The world of SEO is always changing, and while some of the algorithm adjustments seem rather obscure and hard to use in day-to-day life, a few of the (relatively) recent changes that Google has made to its ranking algorithms are fairly straightforward to implement.
A few years back, we did a short series on the basics of SEO, which has remained popular with people who are trying to grasp the building block concepts of optimizing for search engines. The entries are collected below:
As you are creating your website, you are probably interested in making it easier for your audience to find it. This post will be the first in a series of posts with some quick and easy tips to help your site rise in the search results on keywords and keyphrases which relate to your organization and the information available on your website.
Part two in our series on Search Engine Optimization (SEO) covers the basics of internal linking. If you remember the pages that you created in part one (corresponding to the specific keywords and phrases you are targetting), the next step is to create links from all the other keyword references on all the other pages on your website to those keyphrase landing pages.
Following up on the last tip about internal linking, it makes sense that external links are also important to your search engine optimization strategy. These are links from sites other than your own and in general, the more the better, assuming the links are coming from reputable sites and with some caveats listed below. One way to think of this is that search engines consider a link from one site to another as a vote of confidence.
Continuing our series of SEO tips, we come to what is probably the most important of all: add good content to the site, and add it regularly. You are developing this site for people, not for search engine robots, so make sure that the content will draw people in. (Luckily, good content is also helpful for those search engine robots.)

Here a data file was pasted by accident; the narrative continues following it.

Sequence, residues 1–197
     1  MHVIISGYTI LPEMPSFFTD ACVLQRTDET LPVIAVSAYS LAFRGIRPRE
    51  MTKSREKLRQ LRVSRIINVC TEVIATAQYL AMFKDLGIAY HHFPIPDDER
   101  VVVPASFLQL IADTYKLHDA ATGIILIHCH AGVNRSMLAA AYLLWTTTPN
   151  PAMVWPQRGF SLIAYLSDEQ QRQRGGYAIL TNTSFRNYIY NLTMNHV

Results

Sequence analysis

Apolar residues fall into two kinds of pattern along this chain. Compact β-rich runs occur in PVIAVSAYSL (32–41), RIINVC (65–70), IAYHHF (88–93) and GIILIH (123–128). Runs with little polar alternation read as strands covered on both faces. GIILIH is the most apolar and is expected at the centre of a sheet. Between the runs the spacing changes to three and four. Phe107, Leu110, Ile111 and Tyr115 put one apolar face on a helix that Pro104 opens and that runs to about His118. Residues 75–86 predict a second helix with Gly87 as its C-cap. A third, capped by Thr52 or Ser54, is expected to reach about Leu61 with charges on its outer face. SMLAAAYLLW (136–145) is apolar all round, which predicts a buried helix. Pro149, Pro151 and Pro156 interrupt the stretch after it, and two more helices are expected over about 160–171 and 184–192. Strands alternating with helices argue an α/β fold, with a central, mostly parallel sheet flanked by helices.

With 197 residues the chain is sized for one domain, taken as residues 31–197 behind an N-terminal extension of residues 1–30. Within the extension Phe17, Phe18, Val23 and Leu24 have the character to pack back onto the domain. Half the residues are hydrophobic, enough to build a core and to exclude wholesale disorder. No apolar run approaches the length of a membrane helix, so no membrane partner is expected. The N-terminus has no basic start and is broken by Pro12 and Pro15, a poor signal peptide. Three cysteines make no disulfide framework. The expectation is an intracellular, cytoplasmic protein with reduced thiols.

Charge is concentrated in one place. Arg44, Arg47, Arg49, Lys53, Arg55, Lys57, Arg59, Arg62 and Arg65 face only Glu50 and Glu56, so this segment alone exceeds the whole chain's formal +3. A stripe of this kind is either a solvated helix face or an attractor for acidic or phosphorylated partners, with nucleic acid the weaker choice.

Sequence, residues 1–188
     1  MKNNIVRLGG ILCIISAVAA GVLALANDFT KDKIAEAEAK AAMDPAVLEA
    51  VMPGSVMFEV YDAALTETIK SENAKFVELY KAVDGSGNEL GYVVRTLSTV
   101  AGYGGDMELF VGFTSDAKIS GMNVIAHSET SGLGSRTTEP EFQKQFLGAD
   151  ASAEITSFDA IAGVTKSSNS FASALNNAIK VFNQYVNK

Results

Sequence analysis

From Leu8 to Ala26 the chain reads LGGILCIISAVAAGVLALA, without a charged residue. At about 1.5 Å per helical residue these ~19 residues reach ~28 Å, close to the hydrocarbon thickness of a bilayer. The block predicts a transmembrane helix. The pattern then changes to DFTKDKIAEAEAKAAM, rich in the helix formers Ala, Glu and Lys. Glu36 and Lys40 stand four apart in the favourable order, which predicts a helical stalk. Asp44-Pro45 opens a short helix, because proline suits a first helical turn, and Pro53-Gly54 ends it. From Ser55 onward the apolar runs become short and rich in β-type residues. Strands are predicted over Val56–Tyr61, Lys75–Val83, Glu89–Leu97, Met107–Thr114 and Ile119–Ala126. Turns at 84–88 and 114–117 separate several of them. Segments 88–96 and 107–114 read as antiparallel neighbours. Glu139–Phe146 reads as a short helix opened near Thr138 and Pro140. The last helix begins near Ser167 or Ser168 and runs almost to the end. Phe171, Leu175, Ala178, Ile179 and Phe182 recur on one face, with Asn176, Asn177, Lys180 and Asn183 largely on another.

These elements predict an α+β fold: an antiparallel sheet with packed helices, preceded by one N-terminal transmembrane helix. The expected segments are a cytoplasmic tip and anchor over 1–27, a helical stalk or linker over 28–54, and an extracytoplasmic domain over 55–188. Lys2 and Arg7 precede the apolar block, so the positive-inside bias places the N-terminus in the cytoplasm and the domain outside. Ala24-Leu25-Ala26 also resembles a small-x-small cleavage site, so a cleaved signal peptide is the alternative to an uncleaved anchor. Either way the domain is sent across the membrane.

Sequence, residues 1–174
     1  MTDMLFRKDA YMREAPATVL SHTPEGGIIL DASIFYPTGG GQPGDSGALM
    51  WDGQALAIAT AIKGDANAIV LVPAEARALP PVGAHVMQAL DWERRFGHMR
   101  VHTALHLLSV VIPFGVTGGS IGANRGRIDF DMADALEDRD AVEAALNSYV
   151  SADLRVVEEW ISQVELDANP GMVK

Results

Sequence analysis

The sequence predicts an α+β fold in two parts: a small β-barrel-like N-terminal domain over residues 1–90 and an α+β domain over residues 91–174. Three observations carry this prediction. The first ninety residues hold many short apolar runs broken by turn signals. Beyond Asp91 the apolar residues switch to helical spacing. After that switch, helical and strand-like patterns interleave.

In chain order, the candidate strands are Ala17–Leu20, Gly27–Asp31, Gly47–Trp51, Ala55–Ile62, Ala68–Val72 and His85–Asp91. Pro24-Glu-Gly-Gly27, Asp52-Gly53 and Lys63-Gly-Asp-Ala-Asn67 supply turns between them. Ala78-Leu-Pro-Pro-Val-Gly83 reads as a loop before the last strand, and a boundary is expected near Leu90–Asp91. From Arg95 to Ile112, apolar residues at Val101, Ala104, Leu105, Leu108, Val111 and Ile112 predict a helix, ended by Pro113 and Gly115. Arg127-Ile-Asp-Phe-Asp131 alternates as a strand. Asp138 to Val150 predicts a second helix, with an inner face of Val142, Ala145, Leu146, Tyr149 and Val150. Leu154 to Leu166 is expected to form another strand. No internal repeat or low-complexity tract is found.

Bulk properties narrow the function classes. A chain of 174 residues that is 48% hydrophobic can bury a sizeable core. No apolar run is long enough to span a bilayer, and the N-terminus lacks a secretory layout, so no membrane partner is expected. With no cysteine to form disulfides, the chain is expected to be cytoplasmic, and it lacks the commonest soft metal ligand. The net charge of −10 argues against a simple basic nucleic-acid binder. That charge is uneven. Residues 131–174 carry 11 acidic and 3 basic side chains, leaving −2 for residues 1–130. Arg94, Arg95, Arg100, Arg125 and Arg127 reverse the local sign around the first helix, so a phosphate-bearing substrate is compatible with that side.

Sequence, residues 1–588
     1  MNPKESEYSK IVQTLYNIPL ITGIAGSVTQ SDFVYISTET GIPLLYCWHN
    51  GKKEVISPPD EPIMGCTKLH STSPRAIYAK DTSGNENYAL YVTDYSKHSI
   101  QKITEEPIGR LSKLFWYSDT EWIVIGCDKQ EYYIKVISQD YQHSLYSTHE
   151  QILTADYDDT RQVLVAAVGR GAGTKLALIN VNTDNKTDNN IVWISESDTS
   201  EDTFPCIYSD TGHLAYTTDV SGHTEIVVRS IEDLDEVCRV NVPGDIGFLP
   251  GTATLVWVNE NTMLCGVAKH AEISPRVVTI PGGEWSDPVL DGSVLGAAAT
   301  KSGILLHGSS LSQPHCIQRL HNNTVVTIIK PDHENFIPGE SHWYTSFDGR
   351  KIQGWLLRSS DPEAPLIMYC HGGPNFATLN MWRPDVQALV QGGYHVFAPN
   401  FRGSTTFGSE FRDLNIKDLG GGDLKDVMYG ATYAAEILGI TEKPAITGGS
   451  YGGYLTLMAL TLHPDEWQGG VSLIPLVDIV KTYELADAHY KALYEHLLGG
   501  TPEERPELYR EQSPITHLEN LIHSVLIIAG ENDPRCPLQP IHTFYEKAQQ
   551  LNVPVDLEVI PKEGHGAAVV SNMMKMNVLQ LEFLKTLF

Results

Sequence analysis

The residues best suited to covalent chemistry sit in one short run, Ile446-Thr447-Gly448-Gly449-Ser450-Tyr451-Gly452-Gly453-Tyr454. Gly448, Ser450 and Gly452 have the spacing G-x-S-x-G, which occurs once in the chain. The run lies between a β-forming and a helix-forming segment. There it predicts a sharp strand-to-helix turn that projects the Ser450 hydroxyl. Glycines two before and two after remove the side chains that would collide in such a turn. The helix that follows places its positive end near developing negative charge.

As you design your site and add content, you should be considering best practices for users who are visually impaired or who browse with screen readers. It is fortunate that much of the basic advice regarding accessibility can also help with search engine optimization. "Google is blind" is a phrase you hear a lot in introductory SEO circles.
This is actually a subset of the third part in our non-profit SEO series, building external links, but I thought it deserved its own entry. If you've got patience, it's a good idea to submit your site to the Open Directory Project (DMOZ) and perhaps other directories -- human edited compilations of categorized sites.
When you redesign a site, chances are that your structure may change and your URLs may change. If you don't plan ahead, you could throw away a lot of the search engine optimization you may have already achieved. When a search engine comes back to index your site again after a redesign, it will find that many (or all) of the old URLs no longer function and it will drop them and then reindex your new pages as new pages instead of as new versions of existing pages (which already have some ranking).
When you consider the question of how to optimize your site for various search engines, the obvious answer is: why not ask the search engines? All of the major search engines have some kind of guidance as to what they look at when they analyze pages and what they recommend for a page. Most of the information will parallel with the items we've already mentioned in our SEO series (e.g. create good content, don't try to be sneaky and trick search engines, make your site clean and accessible...), but you may find it useful to read the suggestions written in other ways.
Continuing our series of non-profit SEO tips, I encourage you to take a look at your site as it renders in text form, as it is "seen" by Google and other search engines.There are a number of different "SEO browsers" you can experiment with to see which of them is useful for you.
Keeping track of your site statistics is an important part of assessing the success of your online presence. You can see where your visitors are coming from and what they are looking at, which can help as you try to make your site as valuable as possible and measure the success of your SEO goals. Google Analytics is a common solution, but since some non-profits have privacy issues with integrating their sites with the Google Empire I'm also listing some other resources which allow you to retain your own stats on your own server.
There are two types of sitemaps -- those primarily for your human visitors and those that are for your search engine robot visitors. Both types of sitemap provide a summary of content on the site in the form of links, and both can provide some SEO value if you build your internal links correctly. I'll focus primarily on the latter in this post, which are often referred to as XML Sitemaps and are supported by all the major search engines.
As we enter this new year, it's helpful to look back on some of the things that we learned about SEO last year. Thanks to SEO Moz for putting a bunch of them together in a Christmas-themed video from the last week or two, summarized below. I'm pulling out Blekko for a focus since it has so much potential as a helpful SEO tool.